• The US opioid epidemic is perhaps most tragic among health care news stories this past year. Drug overdose deaths have bypassed auto accidents as the leading cause of accidental death in the country. On average, 91 people die from opioid-related overdoses each day. These deaths have more than quadrupled since 2000. Some 80% of heroin users started out by abusing prescription painkillers; most often, these users find heroin to be less expensive to buy and easier to obtain. What’s worse is the flooding of counterfeit painkillers on the market. Fentanyl, which is primarily being smuggled in from China via Mexico, is an extremely dangerous and potent drug that is often being cut into heroin. (It is so powerful that an amount the size of three grains of sugar is lethal to an adult.) It was recently reported that three-fourths of opioid overdoses in Massachusetts are fentanyl-related. So how do we fight this epidemic, which has been called the worst in our nation’s history? Certain programs have been put in place to monitor physicians and their prescribing practices. Incoming president Trump has promised to crack down on the flow of drugs coming in from Mexico. But to address the epidemic, there needs to be a broader implementation of solutions. Government agencies and organizations that focus on public health and family welfare need to focus on prevention, intervention, treatment, and recovery. Big data needs to be harnessed to understand and track opioid use and abuse. Innovative programs such as long-term treatments for addiction need to be encouraged. It will take cooperation and determination, plus a new and more forgiving lens through which we look at addiction, to battle this crisis.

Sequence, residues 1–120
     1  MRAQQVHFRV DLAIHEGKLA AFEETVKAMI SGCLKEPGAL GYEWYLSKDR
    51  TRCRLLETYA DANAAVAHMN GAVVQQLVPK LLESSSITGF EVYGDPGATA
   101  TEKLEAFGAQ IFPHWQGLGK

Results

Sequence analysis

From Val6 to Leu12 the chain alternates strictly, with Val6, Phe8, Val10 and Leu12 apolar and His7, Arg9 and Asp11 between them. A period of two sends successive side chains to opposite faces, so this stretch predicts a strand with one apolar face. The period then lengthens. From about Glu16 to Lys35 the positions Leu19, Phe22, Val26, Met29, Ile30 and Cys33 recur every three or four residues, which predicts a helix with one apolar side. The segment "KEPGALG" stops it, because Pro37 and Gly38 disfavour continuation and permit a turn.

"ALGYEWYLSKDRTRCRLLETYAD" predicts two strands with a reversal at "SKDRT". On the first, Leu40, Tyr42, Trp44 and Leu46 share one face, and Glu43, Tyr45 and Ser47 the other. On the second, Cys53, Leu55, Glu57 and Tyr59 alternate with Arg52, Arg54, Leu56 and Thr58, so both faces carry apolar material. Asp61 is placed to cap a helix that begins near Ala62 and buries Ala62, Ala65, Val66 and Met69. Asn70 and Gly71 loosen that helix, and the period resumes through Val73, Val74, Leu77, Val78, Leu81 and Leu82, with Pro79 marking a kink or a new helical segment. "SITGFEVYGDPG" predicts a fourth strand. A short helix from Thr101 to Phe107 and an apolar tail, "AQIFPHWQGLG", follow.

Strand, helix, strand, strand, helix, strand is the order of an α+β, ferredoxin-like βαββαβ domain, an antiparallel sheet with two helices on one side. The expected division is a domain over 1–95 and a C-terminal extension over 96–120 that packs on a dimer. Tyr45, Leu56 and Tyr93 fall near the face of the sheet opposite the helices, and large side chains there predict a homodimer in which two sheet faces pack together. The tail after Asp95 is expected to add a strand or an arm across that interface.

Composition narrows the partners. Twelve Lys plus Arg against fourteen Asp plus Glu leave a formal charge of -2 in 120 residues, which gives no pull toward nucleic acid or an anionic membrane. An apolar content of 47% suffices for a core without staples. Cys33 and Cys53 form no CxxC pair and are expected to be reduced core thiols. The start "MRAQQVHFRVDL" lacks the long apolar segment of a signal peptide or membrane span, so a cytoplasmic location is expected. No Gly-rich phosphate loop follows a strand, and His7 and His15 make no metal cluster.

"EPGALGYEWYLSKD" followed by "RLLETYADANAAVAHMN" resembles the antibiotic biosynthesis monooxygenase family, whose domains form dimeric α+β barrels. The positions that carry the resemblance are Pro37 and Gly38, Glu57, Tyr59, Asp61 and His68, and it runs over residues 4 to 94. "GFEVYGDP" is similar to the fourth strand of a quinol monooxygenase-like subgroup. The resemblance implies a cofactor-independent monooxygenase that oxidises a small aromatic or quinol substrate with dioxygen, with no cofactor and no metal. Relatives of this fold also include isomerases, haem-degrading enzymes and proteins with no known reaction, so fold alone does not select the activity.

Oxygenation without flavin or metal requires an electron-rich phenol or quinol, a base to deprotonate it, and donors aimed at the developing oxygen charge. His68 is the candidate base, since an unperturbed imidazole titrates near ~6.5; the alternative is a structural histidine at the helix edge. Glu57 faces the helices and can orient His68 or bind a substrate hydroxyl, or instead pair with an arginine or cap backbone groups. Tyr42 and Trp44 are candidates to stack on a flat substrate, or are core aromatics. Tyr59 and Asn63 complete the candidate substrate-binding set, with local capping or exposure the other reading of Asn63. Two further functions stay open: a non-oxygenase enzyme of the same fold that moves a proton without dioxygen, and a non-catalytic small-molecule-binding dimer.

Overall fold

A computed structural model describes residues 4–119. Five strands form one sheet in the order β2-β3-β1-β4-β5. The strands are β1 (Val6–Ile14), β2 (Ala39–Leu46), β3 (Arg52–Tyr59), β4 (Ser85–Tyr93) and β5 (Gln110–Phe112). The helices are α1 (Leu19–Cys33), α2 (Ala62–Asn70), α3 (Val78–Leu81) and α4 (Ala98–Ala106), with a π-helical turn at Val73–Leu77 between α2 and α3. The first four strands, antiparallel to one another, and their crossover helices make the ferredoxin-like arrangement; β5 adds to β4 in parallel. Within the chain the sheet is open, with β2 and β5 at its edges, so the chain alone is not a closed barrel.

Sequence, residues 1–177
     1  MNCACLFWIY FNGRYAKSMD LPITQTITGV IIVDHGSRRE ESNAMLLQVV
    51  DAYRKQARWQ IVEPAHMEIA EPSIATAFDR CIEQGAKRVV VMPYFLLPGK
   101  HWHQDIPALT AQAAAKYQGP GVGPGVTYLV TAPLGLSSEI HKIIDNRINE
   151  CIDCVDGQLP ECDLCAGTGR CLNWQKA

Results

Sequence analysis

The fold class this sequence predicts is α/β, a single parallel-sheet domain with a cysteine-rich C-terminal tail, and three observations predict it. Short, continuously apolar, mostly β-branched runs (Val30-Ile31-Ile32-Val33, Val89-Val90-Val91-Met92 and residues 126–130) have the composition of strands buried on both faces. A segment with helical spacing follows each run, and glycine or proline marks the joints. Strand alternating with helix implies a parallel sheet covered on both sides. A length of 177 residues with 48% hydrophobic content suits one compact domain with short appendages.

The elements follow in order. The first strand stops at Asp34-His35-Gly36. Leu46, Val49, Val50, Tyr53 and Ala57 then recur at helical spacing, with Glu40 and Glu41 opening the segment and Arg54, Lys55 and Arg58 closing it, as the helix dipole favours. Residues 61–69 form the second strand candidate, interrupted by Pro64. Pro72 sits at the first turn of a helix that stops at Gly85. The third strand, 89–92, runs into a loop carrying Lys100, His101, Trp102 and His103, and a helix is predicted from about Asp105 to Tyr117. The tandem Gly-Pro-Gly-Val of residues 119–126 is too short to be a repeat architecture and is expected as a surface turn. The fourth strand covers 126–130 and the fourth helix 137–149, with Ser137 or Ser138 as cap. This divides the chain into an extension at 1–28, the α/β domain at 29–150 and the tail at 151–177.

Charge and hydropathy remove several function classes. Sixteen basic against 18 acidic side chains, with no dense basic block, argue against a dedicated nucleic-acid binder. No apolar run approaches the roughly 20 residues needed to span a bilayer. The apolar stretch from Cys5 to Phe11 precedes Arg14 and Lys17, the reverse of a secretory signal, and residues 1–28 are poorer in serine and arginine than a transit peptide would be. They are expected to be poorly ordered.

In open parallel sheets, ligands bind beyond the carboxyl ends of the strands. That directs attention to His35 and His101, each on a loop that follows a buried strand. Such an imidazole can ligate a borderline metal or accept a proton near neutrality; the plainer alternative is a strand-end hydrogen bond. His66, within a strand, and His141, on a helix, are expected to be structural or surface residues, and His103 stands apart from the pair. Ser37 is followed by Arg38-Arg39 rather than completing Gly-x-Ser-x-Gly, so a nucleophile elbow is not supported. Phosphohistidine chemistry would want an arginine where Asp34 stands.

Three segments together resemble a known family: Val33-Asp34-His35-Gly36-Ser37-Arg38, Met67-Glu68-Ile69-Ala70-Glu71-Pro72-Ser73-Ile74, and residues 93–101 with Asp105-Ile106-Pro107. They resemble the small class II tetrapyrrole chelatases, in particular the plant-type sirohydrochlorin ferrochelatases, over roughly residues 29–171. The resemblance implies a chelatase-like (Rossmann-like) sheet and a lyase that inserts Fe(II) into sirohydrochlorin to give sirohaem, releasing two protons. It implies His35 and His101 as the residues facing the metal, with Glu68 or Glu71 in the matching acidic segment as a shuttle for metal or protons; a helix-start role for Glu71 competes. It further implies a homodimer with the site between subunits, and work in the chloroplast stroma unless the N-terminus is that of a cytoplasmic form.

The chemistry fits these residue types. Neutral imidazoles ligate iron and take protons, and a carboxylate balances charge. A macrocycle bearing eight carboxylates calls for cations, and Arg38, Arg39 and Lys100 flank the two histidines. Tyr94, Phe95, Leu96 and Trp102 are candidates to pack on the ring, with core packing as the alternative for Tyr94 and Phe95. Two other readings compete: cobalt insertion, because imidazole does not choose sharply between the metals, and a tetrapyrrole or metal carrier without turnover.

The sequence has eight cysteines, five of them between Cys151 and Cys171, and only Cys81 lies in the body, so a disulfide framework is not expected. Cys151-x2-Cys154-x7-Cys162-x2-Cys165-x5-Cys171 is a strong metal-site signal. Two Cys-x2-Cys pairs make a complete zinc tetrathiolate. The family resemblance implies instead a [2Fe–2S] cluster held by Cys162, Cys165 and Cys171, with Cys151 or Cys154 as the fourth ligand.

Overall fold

• Zika took many by surprise. Spread by a certain breed of mosquitos, the virus can be passed from pregnant women to their babies, which can then cause severe birth defects. Moving past Asia and Africa, where it had existed in years past, Zika first reached the Americas in 2015. Dire predictions about the infection’s potential damaging effects were floated by specialists at the beginning of the year, but numerous folks pooh-poohed those predictions, even categorizing them as “boy who called wolf”-type scare tactics. President Obama asked Congress for money to prevent the transmission of the virus in the US and to study its effects. Not very surprisingly, Congress got caught up in partisan debates and ultimately granted what I consider too little too late. (For the record, Congress provided $1.1 billion, eight months after the funding bill was introduced.) As of mid-2016, 442 US women with possible Zika infections had given birth, with 6% of those babies (26 total) being born with Zika-related birth defects, primarily microcephaly. Today, the first experimental vaccine is set to begin clinical trials in humans. Perhaps next year will bring a real solution to the problem.

Diane Ramirez has been a member of the D&B editorial department for more than a decade. She currently covers the health care and insurance industries for Hoover’s.

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Image courtesy of Alan O’Rourke / AudienceStack.com, used here under a Creative Commons license.